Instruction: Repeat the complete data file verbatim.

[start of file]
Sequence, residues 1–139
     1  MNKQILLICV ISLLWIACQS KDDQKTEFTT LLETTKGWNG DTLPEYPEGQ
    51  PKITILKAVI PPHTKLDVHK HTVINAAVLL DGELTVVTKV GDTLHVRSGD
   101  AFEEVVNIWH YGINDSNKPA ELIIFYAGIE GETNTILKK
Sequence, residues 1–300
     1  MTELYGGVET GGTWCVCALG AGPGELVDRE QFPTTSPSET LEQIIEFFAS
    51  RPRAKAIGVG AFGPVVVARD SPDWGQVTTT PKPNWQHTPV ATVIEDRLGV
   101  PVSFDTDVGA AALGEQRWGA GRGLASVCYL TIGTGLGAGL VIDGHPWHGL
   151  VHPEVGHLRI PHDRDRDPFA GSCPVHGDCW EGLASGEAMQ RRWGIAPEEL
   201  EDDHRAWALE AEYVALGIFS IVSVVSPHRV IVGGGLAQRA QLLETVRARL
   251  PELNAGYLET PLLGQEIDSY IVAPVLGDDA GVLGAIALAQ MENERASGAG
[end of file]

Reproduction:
Sequence, residues 1–139
     1  MNKQILLICV ISLLWIACQS KDDQKTEFTT LLETTKGWNG DTLPEYPEGQ
    51  PKITILKAVI PPHTKLDVHK HTVINAAVLL DGELTVVTKV GDTLHVRSGD
   101  AFEEVVNIWH YGINDSNKPA ELIIFYAGIE GETNTILKK
Sequence, residues 1–300
     1  MTELYGGVET GGTWCVCALG AGPGELVDRE QFPTTSPSET LEQIIEFFAS
    51  RPRAKAIGVG AFGPVVVARD SPDWGQVTTT PKPNWQHTPV ATVIEDRLGV
   101  PVSFDTDVGA AALGEQRWGA GRGLASVCYL TIGTGLGAGL VIDGHPWHGL
   151  VHPEVGHLRI PHDRDRDPFA GSCPVHGDCW EGLASGEAMQ RRWGIAPEEL
   201  EDDHRAWALE AEYVALGIFS IVSVVSPHRV IVGGGLAQRA QLLETVRARL
   251  PELNAGYLET PLLGQEIDSY IVAPVLGDDA GVLGAIALAQ MENERASGAG